Hall of Famer and Louisiana native Ed Reed was moved to repeatedly call Brees a “sucker” in a video, a look of hurt and bewilderment on his face. Acclaimed actor and proud New Orleans native Wendell Pierce went in on Brees as well. Incurring the ire of Reed and Pierce, while making $25 million a year to throw a football in that city, is not advised.

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Brees’ words led to Malcolm Jenkins, one of the leaders of The Players Coalition who rejoined the Saints this offseason, to release multiple videos — real, honest, pained, visceral — cursing at Brees in one deleted video and then again calling out his quarterback repeatedly for somehow still failing to grasp what taking a knee is all about. Domonique Foxworth, former head of the NFL Players Association, said on ESPN, “I do, however, think it’s going to be a burden for Drew all season long.”

Former Saints receiver Donte’ Stallworth, who has lobbied for criminal justice reform on Capitol Hill with Jenkins, told me Thursday afternoon, after he’d had time to digest the totality of Brees’ words and statements, that the quarterback began reaching out to Jenkins shortly after his remarks went viral. Stallworth, who knows Brees, says he is a good man, though it is difficult to understand how out of step he was with the protest movement.  

“I hope that he can be allowed to educate himself to remove some of these false notions about what he protest was about,” Stallworth said.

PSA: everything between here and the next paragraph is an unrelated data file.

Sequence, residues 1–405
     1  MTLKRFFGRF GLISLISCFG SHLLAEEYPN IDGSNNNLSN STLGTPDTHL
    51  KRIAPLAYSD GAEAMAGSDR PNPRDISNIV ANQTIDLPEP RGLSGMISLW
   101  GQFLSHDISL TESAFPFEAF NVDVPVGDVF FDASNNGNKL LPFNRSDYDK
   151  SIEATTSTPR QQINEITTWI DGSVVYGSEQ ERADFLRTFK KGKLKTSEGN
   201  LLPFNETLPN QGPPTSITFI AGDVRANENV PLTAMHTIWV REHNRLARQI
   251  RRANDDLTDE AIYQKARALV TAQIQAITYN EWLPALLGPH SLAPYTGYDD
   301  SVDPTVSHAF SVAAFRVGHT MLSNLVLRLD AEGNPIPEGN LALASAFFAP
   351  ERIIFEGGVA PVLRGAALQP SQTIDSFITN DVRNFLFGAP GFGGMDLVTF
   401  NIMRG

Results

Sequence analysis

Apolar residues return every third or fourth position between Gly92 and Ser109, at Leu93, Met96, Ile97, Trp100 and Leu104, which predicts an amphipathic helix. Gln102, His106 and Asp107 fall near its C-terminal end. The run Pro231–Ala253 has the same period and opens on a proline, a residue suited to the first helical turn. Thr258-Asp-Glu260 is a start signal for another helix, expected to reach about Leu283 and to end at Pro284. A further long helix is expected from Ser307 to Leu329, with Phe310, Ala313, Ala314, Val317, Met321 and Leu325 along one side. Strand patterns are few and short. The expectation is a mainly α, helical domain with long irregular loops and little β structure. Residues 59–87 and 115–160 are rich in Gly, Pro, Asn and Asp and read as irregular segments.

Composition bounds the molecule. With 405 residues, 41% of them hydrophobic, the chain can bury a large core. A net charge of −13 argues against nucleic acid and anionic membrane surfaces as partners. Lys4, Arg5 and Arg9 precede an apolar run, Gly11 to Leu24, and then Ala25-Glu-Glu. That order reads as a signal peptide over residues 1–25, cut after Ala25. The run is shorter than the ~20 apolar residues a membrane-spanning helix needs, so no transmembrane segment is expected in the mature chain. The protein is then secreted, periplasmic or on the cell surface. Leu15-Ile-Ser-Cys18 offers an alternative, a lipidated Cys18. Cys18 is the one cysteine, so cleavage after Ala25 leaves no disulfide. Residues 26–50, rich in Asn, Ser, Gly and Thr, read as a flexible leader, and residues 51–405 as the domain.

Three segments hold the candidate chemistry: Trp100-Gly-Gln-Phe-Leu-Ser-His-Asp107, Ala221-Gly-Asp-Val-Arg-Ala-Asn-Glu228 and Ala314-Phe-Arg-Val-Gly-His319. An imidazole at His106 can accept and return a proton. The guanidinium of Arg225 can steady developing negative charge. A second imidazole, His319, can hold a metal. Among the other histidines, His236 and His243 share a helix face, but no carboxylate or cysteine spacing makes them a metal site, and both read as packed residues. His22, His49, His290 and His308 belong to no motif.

The fact that team leaders like Demario Davis and Michael Thomas, who was clearly upset Wednesday, had embraced this apology Thursday on social media should bode well for the quarterback. Brees was contrite, engaged and willing to learn, I’m told, from those familiar with the Saints’ online team meeting on Thursday.

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But with an issue as visceral as this, with this country on fire in so many cities, there are going to be those among the 90-plus men at training camp who will have issues with the man who breaks down their pregame huddle and calls them “family.” There were players on other teams already circling their upcoming games with the Saints, and no social media apology post is going to change that.

The fact that games may very well be played this season without fans might actually be best for Brees at this point, and he will have some serious rebuilding to do with New Orleans, a city that has dealt with a preponderance of economic and social injustice over the years.

“The black fans in that city embraced him as their own, and he just went and hit them in the gut,” said an NFL front office executive who formerly worked in the Saints organization. “A statement isn’t going to erase that. This is going to be a problem for him with those fans in that city. Trust me.”

Brees is going to have to do much more talking to teammates and people in that organization, too. He’d best perform some good deeds — specifically slated to anti-police brutality causes now — to get many in that huddle to ever look at him the same way again. Some, frankly, never will.